5 of 10 people found the following review helpful
A book of two halves...............,
This review is from: The King's Grave: The Search for Richard III (Hardcover)
This is literally a book of two halves: The part by Philippa Langley is a nightmare; the part by Michael Jones is really interesting and enlightening. Be very aware of this, should you choose to buy or read this book.
It should also be said that the book is a bit thin - although it is over 250 pages long, it is big print!
MJ is a historian, and this shows through. He takes an open minded stance on Richard, and does not attempt to make him look like either a "saint" or a "sinner". This is the approach that I have waited to read for years. I think most serious readers take the Tudor propaganda for what it is, but the whitewash used by some (and only some) Ricardians is equally misleading and unhelpful. I liked the way that he highlighted the negative things which Richard definitely carried out, the positive things which must be attributed to him, and the likely crimes that he may have committed (but which can not - and probably never will - be proved). This is probably one of the most interesting and fair reviews of Richard that I have read.
The Philippa Langley part of the book drove me to distraction - I could quite happily have given her the damned "R" as a tarmac suppository! She is clearly totally committed to the hunt for Richard and we must all be thankful for her drive - without it, he might still be under the car park. That does not excuse the self indulgent drivel that represents her part of the book. I am surprised that the ULAS team could stand her attitudes and (frankly) tantrums. Her attitude toward Jo Appleby (in terms of her age/experience and in terms of her attitude as to how bones should be dealt with) was little short of reprehensible. Bearing in mind the fact that we all know what happened - i.e. Richard was identified - there can be little or no tension in that respect.
If Philippa Langley's part of the book had been less of a trial, I would have given this a 5* review. I can only award 5* for Michael Jones' contribution - and -1* for Philippa Langley's.
Fortunately (or unfortunately, as the case may be) I don't watch television, so I didn't see the TV programme that was aired. If it was anything like the book, I don't think I would have bothered.
Thank you MIchael for an interesting review of Richard; and thank you, Philippa for discovering Richard.
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Showing 1-4 of 4 posts in this discussion
Initial post: 17 Nov 2013 22:45:48 GMT
M. Powys-lybbe says:
Your finding Langley's attitude to Appleby 'quite reprehensible' is indeed ironic, referring as you were to the treatment of bones. Jo Appleby's casual mattock knocked a bigger hole in Richard's skull than the entire Tudor army had been able to do and this was seen by all TV viewers. Langley's preference for draping the bone box with a flag actually did them no damage whatsoever.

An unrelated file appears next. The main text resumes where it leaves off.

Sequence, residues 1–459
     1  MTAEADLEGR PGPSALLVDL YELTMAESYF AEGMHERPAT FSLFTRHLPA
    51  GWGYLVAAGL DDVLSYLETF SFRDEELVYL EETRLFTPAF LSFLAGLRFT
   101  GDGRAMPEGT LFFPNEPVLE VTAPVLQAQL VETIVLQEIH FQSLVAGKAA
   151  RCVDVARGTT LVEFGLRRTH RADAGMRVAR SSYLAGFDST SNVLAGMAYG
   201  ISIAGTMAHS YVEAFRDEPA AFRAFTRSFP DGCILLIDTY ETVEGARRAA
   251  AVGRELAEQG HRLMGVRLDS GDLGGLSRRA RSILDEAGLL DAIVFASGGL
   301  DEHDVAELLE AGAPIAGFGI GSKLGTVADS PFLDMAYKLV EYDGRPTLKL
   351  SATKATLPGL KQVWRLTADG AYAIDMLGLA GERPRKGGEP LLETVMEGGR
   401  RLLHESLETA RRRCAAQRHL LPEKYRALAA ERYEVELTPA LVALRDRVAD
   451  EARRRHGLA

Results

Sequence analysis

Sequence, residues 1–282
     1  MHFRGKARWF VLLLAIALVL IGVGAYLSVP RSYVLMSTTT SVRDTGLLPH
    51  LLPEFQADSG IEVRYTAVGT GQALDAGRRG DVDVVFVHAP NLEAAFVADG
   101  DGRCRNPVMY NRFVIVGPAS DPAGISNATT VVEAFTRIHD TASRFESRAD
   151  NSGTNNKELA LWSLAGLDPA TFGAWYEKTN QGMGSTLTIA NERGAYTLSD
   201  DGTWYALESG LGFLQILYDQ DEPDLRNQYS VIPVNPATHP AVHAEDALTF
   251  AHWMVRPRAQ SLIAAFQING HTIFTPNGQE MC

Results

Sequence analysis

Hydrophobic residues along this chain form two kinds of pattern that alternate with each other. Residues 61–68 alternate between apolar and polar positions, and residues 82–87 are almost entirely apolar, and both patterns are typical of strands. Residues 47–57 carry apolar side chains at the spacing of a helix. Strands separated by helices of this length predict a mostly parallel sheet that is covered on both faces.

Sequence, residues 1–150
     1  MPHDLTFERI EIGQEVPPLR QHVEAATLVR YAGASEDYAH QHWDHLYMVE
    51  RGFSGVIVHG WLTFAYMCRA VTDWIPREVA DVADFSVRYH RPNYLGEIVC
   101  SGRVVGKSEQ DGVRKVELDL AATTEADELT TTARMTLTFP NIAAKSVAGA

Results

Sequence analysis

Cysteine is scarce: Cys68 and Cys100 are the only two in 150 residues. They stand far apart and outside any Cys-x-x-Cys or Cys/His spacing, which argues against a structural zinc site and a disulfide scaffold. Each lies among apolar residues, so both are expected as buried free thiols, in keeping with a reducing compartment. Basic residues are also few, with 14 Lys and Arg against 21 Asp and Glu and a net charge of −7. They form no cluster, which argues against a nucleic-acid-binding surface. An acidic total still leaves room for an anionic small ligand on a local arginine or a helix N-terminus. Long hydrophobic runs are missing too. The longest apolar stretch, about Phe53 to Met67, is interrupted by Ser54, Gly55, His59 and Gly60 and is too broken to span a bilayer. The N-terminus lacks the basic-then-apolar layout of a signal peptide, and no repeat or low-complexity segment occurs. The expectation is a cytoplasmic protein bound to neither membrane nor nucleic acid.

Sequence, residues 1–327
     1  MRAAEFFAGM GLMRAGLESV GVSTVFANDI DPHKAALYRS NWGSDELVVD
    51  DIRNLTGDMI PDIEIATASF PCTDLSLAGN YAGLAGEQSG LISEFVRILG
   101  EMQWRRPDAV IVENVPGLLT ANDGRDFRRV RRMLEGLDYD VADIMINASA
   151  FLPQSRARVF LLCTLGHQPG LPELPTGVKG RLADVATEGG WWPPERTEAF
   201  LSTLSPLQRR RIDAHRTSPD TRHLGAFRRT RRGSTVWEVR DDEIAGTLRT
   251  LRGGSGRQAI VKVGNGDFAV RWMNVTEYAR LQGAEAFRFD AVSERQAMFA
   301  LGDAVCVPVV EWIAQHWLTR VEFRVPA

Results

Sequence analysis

Posted on 20 Mar 2014 17:50:20 GMT
C. Woods says:
It seem you have no idea what you are talking about. All this came about by a single womans desire to follow a dream and spending years getting the funds together... no mean feat for anyone. This book is an interesting insight to the story behind the search with a historical side. The university only jumped in and making noise when the bones were discovered. Jo was not enthusiastic and was infact incredibly dismissive, therefore I think her attitude and the universities to Langley was obnoxious and completely reprehensible considering who started this search and funded it and the attitude of the university is continuing to appear in the media. The program was a little emotional, but I and everyone who does watch tv are aware of editing. The book is a true account of the aforementioned along with a historical view and I think they compliment each other beautifully. Anyone with half a brain will be aware that you clearly had a hidden agenda behind your review.
In reply to an earlier post on 21 Jun 2014 15:09:27 BDT
The programme was 'a little emotional'? You mean Ms Langley's faked fainting fit when the bones were found? The me, me, ME! crying fit by the bones? The university were and are being pragmatic and scientific. There need be no 'agenda' to remark this truth. Even if you have half a brain.
Posted on 19 Jan 2016 13:36:43 GMT
Steve B says:
Jo Appleby's minor hissy fit about Langley's "unscientific" insistence on draping the remains in the Royal Standard was a bit rich coming from someone who had "scientifically" managed to put a shovel through the King's skull.
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